Depression: No Laughing Matter—Or Is It?
Can Humor Cure Depression?
Posted May 21, 2009
Recently, I was standing at the check out line at my not necessarily so friendly local 7-11. I usually giggle at the Hollywood tabloid headlines: 'Oprah Delivers North America's First Alien Baby' or 'Brad Pitt Is Really a Girl'. But what happens? Nothing. Instead, I cop an attitude; surreptitiously buy 4 jumbo-sized Snickers bars and a family sized bag of Doritos so I can lay into a self-induced carbohydrate coma.
Then worse: I'm watching my favorite rerun of ‘Friends' - the one where Joey screams and scrams because Monica's dancing with a frozen turkey on her head. And I don't laugh. I always laugh when Monica has her head in a frozen turkey. Crap...I laugh if anyone has their head in a turkey. Or I thought I would.
I have to get to work. Find humor in something, anything or risk falling into the ‘no laugh, no color, everything tastes like cardboard, not just chicken and who cares anyway' kind of zone. Because humor is my lifeline to my vitality, to hope, to the idea tomorrow will be better or at least not worse.
Interestingly, it's the foraging and fighting for my sense of humor that's the remedy. Not necessarily finding it. Rediscovering my sense of humor is a by-product of my willingness to look for it. Something about looking for ‘the funny', that act of faith there is some, somewhere, though I can't sense it, expels bits of cemented depression from within. The rummaging around allows a little light in, and slowly, very slowly, my funny bone moves back into place.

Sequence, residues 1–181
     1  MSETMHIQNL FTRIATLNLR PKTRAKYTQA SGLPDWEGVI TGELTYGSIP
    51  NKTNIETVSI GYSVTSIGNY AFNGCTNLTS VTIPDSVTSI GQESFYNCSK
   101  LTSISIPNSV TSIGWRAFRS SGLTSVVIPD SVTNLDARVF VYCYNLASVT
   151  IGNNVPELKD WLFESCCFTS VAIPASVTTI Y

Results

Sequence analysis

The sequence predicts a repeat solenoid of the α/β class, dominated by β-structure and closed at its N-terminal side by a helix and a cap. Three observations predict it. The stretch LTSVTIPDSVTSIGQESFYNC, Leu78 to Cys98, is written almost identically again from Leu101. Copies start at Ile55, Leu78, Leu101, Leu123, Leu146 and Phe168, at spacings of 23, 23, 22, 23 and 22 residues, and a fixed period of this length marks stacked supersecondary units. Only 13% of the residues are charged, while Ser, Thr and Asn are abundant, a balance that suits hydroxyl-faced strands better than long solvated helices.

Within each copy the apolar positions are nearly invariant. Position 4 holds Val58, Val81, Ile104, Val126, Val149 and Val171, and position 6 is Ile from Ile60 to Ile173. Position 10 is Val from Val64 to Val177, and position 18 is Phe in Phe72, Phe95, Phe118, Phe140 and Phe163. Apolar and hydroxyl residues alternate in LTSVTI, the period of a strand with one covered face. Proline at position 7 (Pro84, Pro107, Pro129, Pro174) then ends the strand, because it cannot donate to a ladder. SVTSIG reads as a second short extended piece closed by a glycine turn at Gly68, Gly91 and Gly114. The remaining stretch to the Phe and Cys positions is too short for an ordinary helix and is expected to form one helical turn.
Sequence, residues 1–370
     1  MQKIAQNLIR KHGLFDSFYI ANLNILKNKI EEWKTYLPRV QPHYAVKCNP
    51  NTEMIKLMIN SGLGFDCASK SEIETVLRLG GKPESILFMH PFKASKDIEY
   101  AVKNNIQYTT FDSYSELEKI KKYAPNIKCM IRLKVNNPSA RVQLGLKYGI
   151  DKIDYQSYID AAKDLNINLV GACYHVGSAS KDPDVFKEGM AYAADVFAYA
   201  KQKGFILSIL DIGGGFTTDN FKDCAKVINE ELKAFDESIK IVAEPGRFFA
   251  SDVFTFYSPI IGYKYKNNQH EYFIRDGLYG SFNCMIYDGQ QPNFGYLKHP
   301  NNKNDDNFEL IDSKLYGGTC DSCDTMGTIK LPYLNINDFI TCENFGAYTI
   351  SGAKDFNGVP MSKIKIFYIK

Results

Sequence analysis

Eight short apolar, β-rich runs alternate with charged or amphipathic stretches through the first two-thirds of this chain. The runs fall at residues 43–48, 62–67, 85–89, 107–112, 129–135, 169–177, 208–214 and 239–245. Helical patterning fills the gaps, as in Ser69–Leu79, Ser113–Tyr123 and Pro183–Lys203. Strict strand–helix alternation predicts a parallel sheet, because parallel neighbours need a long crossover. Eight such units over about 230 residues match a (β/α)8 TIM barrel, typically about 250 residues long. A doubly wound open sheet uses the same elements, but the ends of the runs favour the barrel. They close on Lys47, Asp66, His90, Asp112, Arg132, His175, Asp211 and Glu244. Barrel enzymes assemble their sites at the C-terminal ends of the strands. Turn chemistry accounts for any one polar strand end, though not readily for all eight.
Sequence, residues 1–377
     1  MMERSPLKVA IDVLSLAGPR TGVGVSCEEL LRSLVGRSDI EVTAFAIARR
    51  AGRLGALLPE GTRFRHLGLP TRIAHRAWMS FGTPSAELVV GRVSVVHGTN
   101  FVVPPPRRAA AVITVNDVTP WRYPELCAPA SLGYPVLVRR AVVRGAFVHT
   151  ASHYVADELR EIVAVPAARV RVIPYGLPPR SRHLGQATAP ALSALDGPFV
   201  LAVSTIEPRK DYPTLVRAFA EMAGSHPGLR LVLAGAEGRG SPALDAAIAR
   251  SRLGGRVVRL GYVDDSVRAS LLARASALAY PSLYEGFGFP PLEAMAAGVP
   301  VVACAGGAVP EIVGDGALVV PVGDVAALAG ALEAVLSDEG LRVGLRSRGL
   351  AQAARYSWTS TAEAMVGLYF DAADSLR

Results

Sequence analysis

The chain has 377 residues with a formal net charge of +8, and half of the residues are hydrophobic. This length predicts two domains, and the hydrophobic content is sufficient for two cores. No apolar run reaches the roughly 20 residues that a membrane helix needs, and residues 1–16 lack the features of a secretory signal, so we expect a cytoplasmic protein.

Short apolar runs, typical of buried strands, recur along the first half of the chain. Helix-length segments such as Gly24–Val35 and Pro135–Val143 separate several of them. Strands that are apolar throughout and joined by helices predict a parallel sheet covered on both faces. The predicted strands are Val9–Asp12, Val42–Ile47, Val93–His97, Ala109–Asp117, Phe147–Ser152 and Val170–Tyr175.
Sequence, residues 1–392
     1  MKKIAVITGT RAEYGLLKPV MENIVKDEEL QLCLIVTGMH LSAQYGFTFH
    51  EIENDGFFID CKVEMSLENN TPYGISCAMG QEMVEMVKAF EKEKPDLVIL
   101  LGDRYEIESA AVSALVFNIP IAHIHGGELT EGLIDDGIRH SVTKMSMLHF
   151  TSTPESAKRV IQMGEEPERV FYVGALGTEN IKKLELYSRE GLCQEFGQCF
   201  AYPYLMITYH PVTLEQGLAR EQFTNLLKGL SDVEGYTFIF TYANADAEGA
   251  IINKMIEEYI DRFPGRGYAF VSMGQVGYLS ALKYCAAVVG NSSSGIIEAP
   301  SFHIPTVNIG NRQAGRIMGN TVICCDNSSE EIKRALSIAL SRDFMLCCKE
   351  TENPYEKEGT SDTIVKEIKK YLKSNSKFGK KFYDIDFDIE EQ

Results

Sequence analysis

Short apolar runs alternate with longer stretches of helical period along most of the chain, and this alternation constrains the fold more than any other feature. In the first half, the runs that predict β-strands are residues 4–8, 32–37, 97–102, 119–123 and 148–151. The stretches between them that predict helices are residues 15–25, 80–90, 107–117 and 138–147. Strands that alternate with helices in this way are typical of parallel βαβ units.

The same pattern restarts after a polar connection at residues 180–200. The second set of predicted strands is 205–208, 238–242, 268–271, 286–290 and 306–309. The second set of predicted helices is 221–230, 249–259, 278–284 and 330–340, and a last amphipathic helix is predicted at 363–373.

First? Seek out what I call 'memory or phantom laughs'. Those times when I know normally I'd be giggling but instead, I'm just remembering I would; that 'if I weren't so depressed I'd be laughing' feeling. Bittersweet insights, but helpful ones. Memories of laughing are better than no laughing at all.
Second? Size doesn't matter. I don't worry about the BIG guffaws. I'm on the lookout for anything making me remotely smile, just want to smile. What makes the corners of my mouth stir slightly; my cheeks subtly lift?
That's my body telling me I'm near my funny bone. And bones don't disappear; they just get weak. The solution? Fortify them, anyway I can.
So I rent my favorite movie: 'Big', watch ‘Two and a Half Men', flip through People magazine's issue of 'Worst Dressed Stars in Hollywood'. (How can anybody with that much money, dress badly - don't they all have stylists?)
When I do this, it doesn't mean things all of a sudden seem hilarious, but it's a distinct advantage over curling up on the sofa, listening to weepy Vince Gill songs about a cowboy who looses his woman, job and dog. That's definitely not a humor ‘honer'.
When I feel inklings of depression or even when I'm deep in its clutches, I set aside time every couple days to give myself a chance not to laugh outright, but to witness things I know are funny to me. Eventually the lighter side gets the better of me. Not right away, not for long, but it's a start.
Implementing this 'laugh-able' strategy doesn't eradicate depression of course; I'm not that naïve but it can make it more bearable.
Once I'm out of the darkness, I fortify that funny bone with some kind of humor every day. It may sound simplistic. But to this day, my relentless pursuit to find something, even marginally humorous everyday is one of my best coping tools to date. My sense of humor is as valuable to me as the medication I take and the therapy I do to stay well.
© 2009 Victoria Maxwell